Trump's Holocaust statement was tragically incomplete
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Donald Trump has done a lot of unfortunate things during his first two weeks as president. I don't have to list them — anyone who is the least bit informed knows them by now, all too well.

But put at the top of the list the omission of the words "Jewish" or "Jews" from the annual presidential proclamation on International Holocaust Remembrance Day.

On the anniversary of Auschwitz-Birkenau's liberation, past presidents have issued a statement. This statement seeks to remind the world of the horrors of the Nazi-perpetrated Holocaust.

The statement issued Jan. 27 will never be forgotten, because it represents a brand-new low for Trump.

The slaughtering of 6 million Jews is not an irrelevant fact when speaking or writing about the Holocaust. It was essential and integral to the Nazis' "Final Solution."

White House Press Secretary Sean Spicer was very perturbed that anyone would dare bring up or criticize the statement's very notable omission.

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Here are Spicer's words from his Jan. 30 daily briefing: "To suggest remembering the Holocaust and acknowledging all of the people — Jewish, gypsies, priests, disabled, gays and lesbians — I mean, it is pathetic that people are picking on a statement."

 

You notice that Spicer mentioned "Jewish" in his response to the criticism, something the presidential statement did not. Trump's statement only referred to "victims, survivors, heroes of the Holocaust."

At his briefing, Spicer said the following: "The statement was written with the help of an individual who is both Jewish and the descendent of Holocaust survivors."

The writer was later identified in published reports as Boris Epshteyn, who works in the White House as special assistant to Trump and assistant communications director for surrogate operations.

That brings up the following questions:

  1. Did Epshteyn write the statement by himself, or were others involved?
  2. Did he voluntarily omit any reference to the Jewish population?
  3. Did he include the word "Jewish" and was it later deleted by someone else before it was made public?
  4. Finally, what does he think of the entire controversy?

I emailed Epshteyn those questions, but got only this official response:

"The statement issued by President Donald J. Trump on International Holocaust Remembrance Day beautifully honored the unfathomable atrocities suffered by the Jewish people, with my ancestors among the victims who perished.

As evidenced by repeated comments of Prime Minister Netanyahu, President TrumpDonald TrumpIran claims U.S. to lift all oil sanctions but State Department says 'nothing is agreed' Ivanka Trump, Kushner distance themselves from Trump claims on election: CNN Overnight Defense: Joint Chiefs chairman clashes with GOP on critical race theory | House bill introduced to overhaul military justice system as sexual assault reform builds momentum MORE is a loyal friend to, supporter of, and advocate for the Jewish people and the State of Israel.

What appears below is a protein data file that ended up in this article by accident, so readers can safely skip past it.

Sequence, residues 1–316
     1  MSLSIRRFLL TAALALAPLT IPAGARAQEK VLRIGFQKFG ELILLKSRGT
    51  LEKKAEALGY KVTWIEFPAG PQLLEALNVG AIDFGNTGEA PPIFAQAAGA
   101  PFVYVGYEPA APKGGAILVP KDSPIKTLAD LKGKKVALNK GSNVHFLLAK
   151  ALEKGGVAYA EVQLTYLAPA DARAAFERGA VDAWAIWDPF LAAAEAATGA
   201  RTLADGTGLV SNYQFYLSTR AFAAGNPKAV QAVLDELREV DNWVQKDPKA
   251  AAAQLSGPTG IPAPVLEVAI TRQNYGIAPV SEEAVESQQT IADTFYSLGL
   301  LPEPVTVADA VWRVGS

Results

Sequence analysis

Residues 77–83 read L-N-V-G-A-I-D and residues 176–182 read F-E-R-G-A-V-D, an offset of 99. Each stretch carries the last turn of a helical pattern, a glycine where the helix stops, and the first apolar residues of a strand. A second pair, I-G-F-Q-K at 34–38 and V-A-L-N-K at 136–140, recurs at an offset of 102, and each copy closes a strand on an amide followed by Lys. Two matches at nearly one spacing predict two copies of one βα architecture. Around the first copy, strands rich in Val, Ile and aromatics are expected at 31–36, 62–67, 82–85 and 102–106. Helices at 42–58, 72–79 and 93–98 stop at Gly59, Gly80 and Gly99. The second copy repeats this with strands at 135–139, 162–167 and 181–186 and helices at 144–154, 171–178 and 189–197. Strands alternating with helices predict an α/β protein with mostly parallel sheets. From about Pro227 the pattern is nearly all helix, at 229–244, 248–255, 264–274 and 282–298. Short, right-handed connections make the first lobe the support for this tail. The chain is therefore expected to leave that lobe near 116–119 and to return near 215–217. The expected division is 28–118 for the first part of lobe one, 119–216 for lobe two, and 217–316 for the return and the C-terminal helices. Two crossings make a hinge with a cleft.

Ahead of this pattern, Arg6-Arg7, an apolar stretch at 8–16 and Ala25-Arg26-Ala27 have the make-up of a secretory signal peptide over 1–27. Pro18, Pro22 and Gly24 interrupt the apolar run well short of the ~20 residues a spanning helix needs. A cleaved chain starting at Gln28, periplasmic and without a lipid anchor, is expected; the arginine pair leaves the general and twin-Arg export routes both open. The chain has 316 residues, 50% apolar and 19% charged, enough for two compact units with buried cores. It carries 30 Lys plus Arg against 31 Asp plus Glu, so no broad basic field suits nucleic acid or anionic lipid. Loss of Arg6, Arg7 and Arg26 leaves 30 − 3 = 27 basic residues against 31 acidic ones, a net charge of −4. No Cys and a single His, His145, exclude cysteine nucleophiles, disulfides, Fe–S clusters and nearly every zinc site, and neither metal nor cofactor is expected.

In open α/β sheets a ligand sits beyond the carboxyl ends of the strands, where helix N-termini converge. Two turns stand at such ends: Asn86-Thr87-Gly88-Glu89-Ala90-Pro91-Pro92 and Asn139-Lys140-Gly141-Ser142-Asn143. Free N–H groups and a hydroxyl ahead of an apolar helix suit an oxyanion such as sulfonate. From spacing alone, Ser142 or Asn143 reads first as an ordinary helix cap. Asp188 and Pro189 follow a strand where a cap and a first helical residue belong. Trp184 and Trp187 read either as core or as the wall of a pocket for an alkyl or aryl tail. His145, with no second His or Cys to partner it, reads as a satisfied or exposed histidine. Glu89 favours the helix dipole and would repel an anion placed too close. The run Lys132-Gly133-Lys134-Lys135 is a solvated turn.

I am proud to be part of an inclusive and diverse team working for the President, his Administration and the American people."

So my four questions remain unanswered. (And, frankly, what does Netanyahu have to do with this?)

White House Chief of Staff Reince Priebus also weighed in, but his words were confused and incoherent: "I mean everyone's suffering [in] the Holocaust including, obviously, all of the Jewish people, affected and miserable genocide that occurs."

Once again, though — just like Spicer and Epshteyn — a Trump administration official included the word "Jewish" in its defense of officially omitting the word.

How strange and peculiar.

Could it be that Steve Bannon, the No. 1 adviser to the president, had something to do with all of this? You remember that Bannon — as detailed by his former wife in a court document during their divorce — allegedly did not want his children to go to a certain school in Los Angeles because it had too many Jewish students.

"The biggest problem he had with Archer [School for Girls] is the number of Jews that attend," his ex-wife stated in writing.

(For the record, a spokesperson denied that Bannon ever said those remarks.)

The president's son-in-law, Jared Kushner, is a devout Orthodox Jew and is now in the White House as an adviser to the president. Trump's daughter, Ivanka, converted to Judaism.

Do you think they approved of the omission?

We do not know. Someone should ask both of them.

The entire episode graphically illustrates a central tenet of the Trump presidency: a stunning ignorance of history and its importance. When necessary and expedient, Trump and his team use "alternative facts" to make their case. Facts are not absolute and certain, but malleable or easily omitted.

One thing is certain: Trump allowed this tragically incomplete statement to be issued. He bears personal and individual responsibility for its content.

He must rectify this awful insult to the Jewish people.

Mark Plotkin is a contributor to the BBC on American politics and a columnist for The Georgetowner. Previously, he was the political analyst for WAMU-FM, Washington's NPR affiliate, and later became the political analyst for WTOP-FM, Washington's all-news radio station. He is a winner of the Edward R. Murrow Award for excellence in writing.


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